2-1 decision says ban is warranted to prevent depletion of personal protection equipment. "In the unprecedented circumstances now facing our society, even a minor delay in fully implementing the state’s emergency measures could have major ramifications."
Dissenting Judge Dennis: "In a time where panic and fear
already consume our daily lives, the majority’s opinion inflicts further panic and fear on women in Texas by depriving them, without justification, of their constitutional rights ... "
No word yet from Supreme Court on next argument sitting, set to start March 23. DC Health Dept recommending canceling mass gatherings of 1,000+ people. SCOTUS courtroom can squeeze in a bit more than 500, counting the seats in the so-called hallway.
We've asked, but so far the court hasn't said anything about contingency planning. One option would seem to be holding arguments in a largely empty courtroom. Not clear how that would work for, say, press coverage.
One thing undoubtedly of concern for the court: Six justices are age 65 or older, and two (Ginsburg and Breyer) are 81 or older. Should any of them contract the virus, the risks are real.
Sotomayor dissented from 5-4 vote to let administration, in Illinois, reject green card applicants deemed likely to need public assistance. Said court is far quicker to give stays to administration than to death-row inmates.
Sotomayor: "I fear that this disparity in treatment erodes the fair and balanced decisionmaking process that this Court must strive to protect."
Much of the 7-page opinion argued the majority was being inconsistent. Court earlier allowed enforcement of the "public charge" rule elsewhere, at least in part because a trial judge had issued a (near) nationwide injunction. This injunction was much more limited, Sotomayor said.
Supreme Court could grant a bunch of new cases this afternoon. The justices have multiple religious rights cases to choose from, including Philly's exclusion of Catholic Social Services from foster-care program because of its refusal to place kids with gay parents. (1/6)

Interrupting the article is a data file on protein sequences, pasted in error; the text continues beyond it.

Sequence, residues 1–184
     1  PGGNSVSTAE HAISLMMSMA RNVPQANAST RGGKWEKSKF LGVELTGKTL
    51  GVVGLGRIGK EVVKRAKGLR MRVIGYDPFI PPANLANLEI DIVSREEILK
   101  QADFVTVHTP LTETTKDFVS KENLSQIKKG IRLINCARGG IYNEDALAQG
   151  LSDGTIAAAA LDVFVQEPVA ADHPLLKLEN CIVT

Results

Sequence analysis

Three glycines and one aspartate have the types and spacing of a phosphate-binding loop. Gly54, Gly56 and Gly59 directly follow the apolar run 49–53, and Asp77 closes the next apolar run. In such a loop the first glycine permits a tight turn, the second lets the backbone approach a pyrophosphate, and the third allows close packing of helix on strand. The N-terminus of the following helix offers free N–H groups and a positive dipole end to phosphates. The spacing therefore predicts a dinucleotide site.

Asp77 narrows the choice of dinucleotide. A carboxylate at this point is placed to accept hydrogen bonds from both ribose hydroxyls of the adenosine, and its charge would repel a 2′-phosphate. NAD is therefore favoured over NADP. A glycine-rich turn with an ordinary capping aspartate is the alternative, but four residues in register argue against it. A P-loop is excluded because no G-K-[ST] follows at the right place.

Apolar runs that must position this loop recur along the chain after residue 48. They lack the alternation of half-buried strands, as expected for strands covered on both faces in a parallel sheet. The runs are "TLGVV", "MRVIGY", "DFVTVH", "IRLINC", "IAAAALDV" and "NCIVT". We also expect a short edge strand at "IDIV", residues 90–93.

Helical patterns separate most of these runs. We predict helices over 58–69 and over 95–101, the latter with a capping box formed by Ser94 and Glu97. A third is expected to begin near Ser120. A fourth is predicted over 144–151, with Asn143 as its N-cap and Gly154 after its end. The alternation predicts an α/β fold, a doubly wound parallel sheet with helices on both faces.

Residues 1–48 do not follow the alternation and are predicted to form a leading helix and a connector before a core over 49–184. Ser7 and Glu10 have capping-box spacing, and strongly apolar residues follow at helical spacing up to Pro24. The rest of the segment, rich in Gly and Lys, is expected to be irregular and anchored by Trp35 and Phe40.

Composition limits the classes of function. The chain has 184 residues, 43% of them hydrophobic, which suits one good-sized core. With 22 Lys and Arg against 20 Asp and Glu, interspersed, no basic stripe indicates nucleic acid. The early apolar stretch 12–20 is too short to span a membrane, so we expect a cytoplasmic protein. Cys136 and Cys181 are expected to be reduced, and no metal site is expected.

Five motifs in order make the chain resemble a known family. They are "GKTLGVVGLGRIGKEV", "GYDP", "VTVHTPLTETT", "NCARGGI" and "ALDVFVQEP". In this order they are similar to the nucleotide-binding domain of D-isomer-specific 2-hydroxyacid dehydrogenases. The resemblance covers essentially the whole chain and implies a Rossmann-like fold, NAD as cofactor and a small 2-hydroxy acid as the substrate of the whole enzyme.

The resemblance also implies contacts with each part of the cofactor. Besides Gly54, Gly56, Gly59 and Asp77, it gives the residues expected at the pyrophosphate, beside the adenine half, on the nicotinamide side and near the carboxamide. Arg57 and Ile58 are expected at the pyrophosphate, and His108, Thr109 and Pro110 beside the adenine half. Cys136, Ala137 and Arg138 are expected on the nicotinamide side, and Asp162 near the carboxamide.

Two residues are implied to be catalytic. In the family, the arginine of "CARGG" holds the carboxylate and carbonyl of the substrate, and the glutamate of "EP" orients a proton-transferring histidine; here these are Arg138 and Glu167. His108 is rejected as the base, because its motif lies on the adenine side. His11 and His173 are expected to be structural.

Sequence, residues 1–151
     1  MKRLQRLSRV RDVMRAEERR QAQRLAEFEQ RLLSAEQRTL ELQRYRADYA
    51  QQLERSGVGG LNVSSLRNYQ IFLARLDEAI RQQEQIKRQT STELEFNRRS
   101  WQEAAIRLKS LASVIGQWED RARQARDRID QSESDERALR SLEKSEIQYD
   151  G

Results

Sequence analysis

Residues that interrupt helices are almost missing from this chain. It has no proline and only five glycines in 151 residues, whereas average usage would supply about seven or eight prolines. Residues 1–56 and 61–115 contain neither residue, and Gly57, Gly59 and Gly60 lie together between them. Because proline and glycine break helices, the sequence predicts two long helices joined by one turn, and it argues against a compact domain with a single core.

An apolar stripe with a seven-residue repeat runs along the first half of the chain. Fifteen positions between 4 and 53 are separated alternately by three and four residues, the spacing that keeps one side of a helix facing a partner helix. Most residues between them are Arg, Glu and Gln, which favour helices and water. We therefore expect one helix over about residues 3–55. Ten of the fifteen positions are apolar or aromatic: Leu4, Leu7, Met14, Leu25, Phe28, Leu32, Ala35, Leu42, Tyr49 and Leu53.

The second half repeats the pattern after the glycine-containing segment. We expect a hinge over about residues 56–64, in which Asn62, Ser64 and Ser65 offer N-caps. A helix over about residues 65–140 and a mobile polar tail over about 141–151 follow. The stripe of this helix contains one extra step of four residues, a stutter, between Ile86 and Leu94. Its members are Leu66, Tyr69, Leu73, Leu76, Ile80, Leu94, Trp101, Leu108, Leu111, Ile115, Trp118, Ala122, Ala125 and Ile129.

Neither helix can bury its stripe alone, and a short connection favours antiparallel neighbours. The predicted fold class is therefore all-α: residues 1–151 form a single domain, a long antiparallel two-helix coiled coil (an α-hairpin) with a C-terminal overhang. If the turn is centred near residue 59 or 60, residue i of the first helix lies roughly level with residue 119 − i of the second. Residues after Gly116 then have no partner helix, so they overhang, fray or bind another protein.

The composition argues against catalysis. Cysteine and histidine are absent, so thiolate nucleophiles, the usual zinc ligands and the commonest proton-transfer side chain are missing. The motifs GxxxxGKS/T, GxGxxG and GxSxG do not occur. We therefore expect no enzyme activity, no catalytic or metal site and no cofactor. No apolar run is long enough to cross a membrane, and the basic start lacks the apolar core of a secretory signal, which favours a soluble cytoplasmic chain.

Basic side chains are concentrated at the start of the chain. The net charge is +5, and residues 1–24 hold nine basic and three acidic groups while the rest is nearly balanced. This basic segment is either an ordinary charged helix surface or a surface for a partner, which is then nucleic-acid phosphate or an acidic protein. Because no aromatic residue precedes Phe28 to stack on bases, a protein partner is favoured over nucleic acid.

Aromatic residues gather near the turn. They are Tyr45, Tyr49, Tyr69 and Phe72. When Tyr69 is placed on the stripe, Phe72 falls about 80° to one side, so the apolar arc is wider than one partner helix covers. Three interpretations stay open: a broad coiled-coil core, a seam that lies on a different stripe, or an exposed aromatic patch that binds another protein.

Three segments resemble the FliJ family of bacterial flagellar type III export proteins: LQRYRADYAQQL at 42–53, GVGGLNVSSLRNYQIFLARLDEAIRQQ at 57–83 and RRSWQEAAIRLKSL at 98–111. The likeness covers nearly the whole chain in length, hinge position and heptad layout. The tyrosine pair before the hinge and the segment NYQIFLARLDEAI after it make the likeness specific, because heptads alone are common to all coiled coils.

The court could also decide whether states can do anything about faithless electors -- those people who defy the will of their state's voters in the Electoral College. (There were an arguable record 10 such faithless electors in 2016.) (2/6)
The court could also take up a high-stakes fight between investors and the federal government over the mortgage giants Fannie Mae and Freddie Mac. @EDexheimer
and I wrote about it here. (3/6) bloomberg.com/news/articles/…
Among the things awaiting the Supreme Court as it returns from the holiday break: Calls to clear up confusion about what types of medical tests can be patented, per @sudecker1. bloomberg.com/news/articles/…
@sudecker1 And the court could hear the Trump administration’s challenge to a California immigrant-sanctuary law that restricts local police from helping federal authorities round up and deport people. (5/6)
@sudecker1 Anything granted today would in all likelihood be heard in April with a Supreme Court ruling by the end of June. (6/6)
On Obamacare conference call, Calif AG Becerra says that while his state is ready to seek immediate Supreme Court review of yesterday's ruling, he'll need to consult with other states that are involved.
Becerra on the likelihood of going straight to Scotus: "I think most of us believe that we have to address this uncertainty as quickly as possible. … I can speak for California that we believe it's imperative to act swiftly."